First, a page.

Needless to say this is loaded with detail. Rather than spend ages describing everything here, forcing you to scroll endlessly back and forth between text and image, I’ve created a handy annotated guide. See, I’m kind like that.

Ah yes. A note about that gas. There are two bottles – already layered with significance, as you will note from the two on the table. The one in the red bottle is most likely propane, which indicates that the white is one of those replacement cylinders you get from building hardware suppliers, because why would you want both butane and propane? We therefore see an old casing refilled with new material, which is precisely the opposite of the Doctor’s regeneration process; hence the theme of opposites and the mirror universe is hinted at earlier than any of us thought.

But there’s more. You knew there would be more, didn’t you? Leaving aside the obvious Faustian connotations of the red and white (Mephistopheles vs. The Good Angel, not to mention their ties with the White and Black Guardian – something we probably predicted weeks ago although I can’t find the reference – there is a reason we can see two Calor gas bottles (other gas suppliers are available) in the background. Because while Calor have branches everywhere, their headquarters are in Warwick, in a building called Athena House. The name is a red herring; the postcode is not. It’s CV34 6RL – referring specifically to Christopher Villiers (‘The King’s Demons’, ‘Mummy on the Orient Express’) and Rula Lenska (‘Resurrection of the Daleks’), or more specifically to the years in which they turned 34 and 6: that is, 1994 and 1953.

Subtract 1953 from 1994 and you get 41. This is one shy of ’42’, an episode written by Chris Chibnall. Therefore we conclude DEFINITIVELY AND UNAMBIGUOUSLY that a prequel to this episode – establishing the sentient sun and presumably carrying a slightly shorter running time – is on the cards for 2019, or whenever Chibnall gets round to finishing it.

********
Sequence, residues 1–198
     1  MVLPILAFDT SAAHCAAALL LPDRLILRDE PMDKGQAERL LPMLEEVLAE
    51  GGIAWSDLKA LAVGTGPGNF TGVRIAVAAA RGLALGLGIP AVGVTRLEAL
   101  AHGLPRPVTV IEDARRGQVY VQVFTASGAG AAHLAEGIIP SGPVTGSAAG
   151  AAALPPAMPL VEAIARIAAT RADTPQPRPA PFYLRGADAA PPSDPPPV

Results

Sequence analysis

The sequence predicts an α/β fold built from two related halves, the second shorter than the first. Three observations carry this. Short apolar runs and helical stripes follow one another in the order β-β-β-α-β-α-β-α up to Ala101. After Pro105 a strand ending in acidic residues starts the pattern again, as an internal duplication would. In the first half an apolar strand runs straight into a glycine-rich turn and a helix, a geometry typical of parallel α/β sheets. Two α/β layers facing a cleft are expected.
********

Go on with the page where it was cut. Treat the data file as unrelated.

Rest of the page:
Can I also point out that propane turns up in ‘The Moonbase’ and that ‘The Moonbase’ starred Patrick Troughton, who then went on to star in ‘The Two Doctors’? Good. Glad we’ve got that established.

The writing’s on the wall for this next clue.

This isn’t just a random set of instructions that the Doctor scribbled in a panic. Each of those three phrases can be conveniently rearranged. (The last one, by the way, is cut off from view, but I think we can safely assume that it reads ‘Find out who else can take care of her’.)

The first two rearranged phrases read as follows:

HARASSED MEDIA DUDES

HE FREE SPEAK

You’ve figured out, of course, that this refers to the Doctor Who showrunners and Christopher Eccleston respectively. Keep your eyes peeled for that memoir. It’s going to be a blinder.

But that’s only two thirds done, and there’s still a final phrase to unpack. That last one can be shuffled into ACANTHUS ACHE DEER FELINE FOOTWORK, indicating that the Doctor is set to meet a strange dancing cat-stag hybrid in a mysterious forest. There will probably be cake.

Last but not least this week, we’re in a kitchen.

It’s a Slayer t-shirt. But there’s a reason it’s reversed, and it’s nothing to do with the fact that it’s a mirror universe. Well, all right, it is, but it’s not only that. In fact this is a nod to backmasking, the practice of inserting subliminal messages into records that are only revealed when a song is played backwards. They had their heyday in the 1980s when conservative parents started to get very concerned about the terrible effects backmasking was having on their children, who were being told to smoke marijuana, kill their parents and sacrifice a virgin – never mind the fact that half of the reverse ‘messages’ were actually gibberish, given a temporary stay by a fusion of media hysteria and the power of suggestion. (I’ve always found the concept of playing songs backwards faintly odd, truth be told, but I suppose it’s easier when you have vinyl.)

Anyway. In 1985, Slayer released their second studio album, Hell Awaits, and the title track contained a backwards message that was planted quite deliberately – cries of “Join us!”, supposedly referring to the fan club as opposed to a Satanic cult, although Ann Coulter would probably argue that it was basically the same thing. And a curious thing happens when we examine the track listing: